Sputtering On

Thank you for a very thoughtful and spot-on article (“Cars occupy a unique place in American culture. But at some point we have to face reality: Cars are bad for us,” posted Aug. 15). As an electric car owner, I agree with you 100 percent and am delighted that you wrote what many are unwilling to talk about. Especially when it involves our beloved Car Week. Jan Loomis | Pacific Grove

You miss the picture and I am surprised that an educated person like yourself would not see the point of what this event represents to the local economy and all the car buffs that appreciate the past beauty of these incredible feats of engineering and development in this industry. I hope they never go away, for then we have really lost to the ignorant young people like yourself. Steve Biesinger | via email

Go down any highway and see all the single heads in cars, including you I would bet! This is one of the biggest problems facing us. No dependable alternate transportation, not enough efforts to carpool or bike to work.

We are a long way off from solving our problems. Electric cars will still have single occupants driving to their destinations!

These early gas guzzlers are only here once per year running very short spurts – definitely not the root cause of our problems. Ray Rasul | Pebble Beach

Bill Monning urges the Weekly to study the carbon footprint of Car Week (“Letters,” Aug. 12-18). I like Car Week and I’ll admit there are environmental impacts caused by all of the visitors and their vehicles – but let’s keep this in perspective. The sainted Monterey Bay Aquarium draws over 2 million visitors a year to our Peninsula. What is the carbon footprint of an average of 38,000 weekly visitors to our community?

We don’t hear or smell their visitors the same way Car Week attendees “out” themselves, but the carbon footprint caused by the Aquarium’s visitors cannot be denied. Of course if we closed the Aquarium, the economic impact would be considerable. Many businesses would fail and many thousands would lose their jobs. But what the heck, what’s a few thousand jobs when you have an environment to save? Go ahead and study the carbon footprint of Car Week if you want, but just to show that you’re honest journalists who don’t care whose ox you gore, go ahead and commission a study on the carbon footprint of those Aquarium visitors. Mark Carbonaro | Monterey

The short version: self-entitled men (mostly), who never got over their Hot Wheels, swagger through town at excessive speed and decibel levels in attempting to impress others of their kind (“A beginner’s guide to understanding Car Week,” Aug. 12-18). Roger Kern | via social media

Home Swap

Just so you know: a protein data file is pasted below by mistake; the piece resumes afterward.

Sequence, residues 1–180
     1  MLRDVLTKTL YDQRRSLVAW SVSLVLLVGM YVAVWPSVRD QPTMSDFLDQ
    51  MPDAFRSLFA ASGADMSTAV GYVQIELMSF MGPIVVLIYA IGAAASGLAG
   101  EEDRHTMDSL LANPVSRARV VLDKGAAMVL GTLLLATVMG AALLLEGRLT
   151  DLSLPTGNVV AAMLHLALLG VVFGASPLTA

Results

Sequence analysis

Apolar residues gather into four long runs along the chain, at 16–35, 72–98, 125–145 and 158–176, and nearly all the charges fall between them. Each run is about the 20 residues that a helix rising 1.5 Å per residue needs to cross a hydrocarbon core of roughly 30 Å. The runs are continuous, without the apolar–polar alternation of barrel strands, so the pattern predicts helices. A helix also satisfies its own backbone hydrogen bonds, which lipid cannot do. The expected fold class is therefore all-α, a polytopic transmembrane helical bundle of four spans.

Shea Homes has broken every promise made for decades (“A Marina housing developer shifts workforce housing to market rate, and instead agrees to pay $1.8 million to the city,” Aug. 12-18). This one is squarely the fault of the City Council. Some of them were elected to stop the bobble-head behavior of previous council members. I hope voters are paying attention. Luana Conley | via social media

Really sad. Seems they always do that: Agree to affordable housing, then bow out and pay a fine. Diane Rose | via social media

Art for All

[City Manager] Aaron Blair is a visionary and Sand City is all about possibilities! (“With pandemic restrictions lifting, Sand City’s new art park comes to life,” Aug. 5-11.) Leah Thompson | via social media

Remembering a Leader

A wonderful tribute to a kind and compassionate community leader. His loss is felt across the county (“Longtime affordable housing champion and community leader Alfred Diaz-Infante dies at 60,” posted Aug. 10). Kendra Howell | via social media

RIP dear giver! Deepest condolences to his family. Dorothy Showket | via social media

So very sad to hear of this – what a great guy on all fronts. A true loss for the community. Deepest sympathies and sincere condolences to family, friends and loved ones. Tom Melville | via social media

Deep Cut

Super sad – she took that money from kids in need to buy purses (“Prosecutors collect restitution funds for local school districts from former nonprofit executive,” posted Aug. 13). Christina Crumpton | Big Sur

What neither the article nor the prosecution could address was how to provide restitution for the families that unwittingly had her as their “aide” for a special needs child. It took a single day with her to regress my son in some of his progress. As the parent to a special needs child, there is nothing worse than trusting a school to find the right people to help your child then being let down so spectacularly. There is no restitution enough to reverse the effects inappropriate and inadequate personnel have on special needs students and families. Jennifer Schmidt | via social media

Perfect Slice

A brilliant guy and a great local business (“PigWizard’s Jonathan Roberts is getting into legal charcuterie, finally, and he has some big thoughts about it,” Aug. 12-18). Michael Kohler | Seaside

Wonderful!! Exciting. Jay Donato | Salinas

At Your Service

I’ve always felt that California’s greatest resource was its people, and Gary Bale’s years of devoted service to our community epitomizes that sentiment (“After 52 years on the board of the regional waste district, Gary Bales retires from government service,”July 29-Aug 4). Thank you Mr. Bales, and here’s wishing you a happy, and well deserved, retirement. Derek Dean | via web

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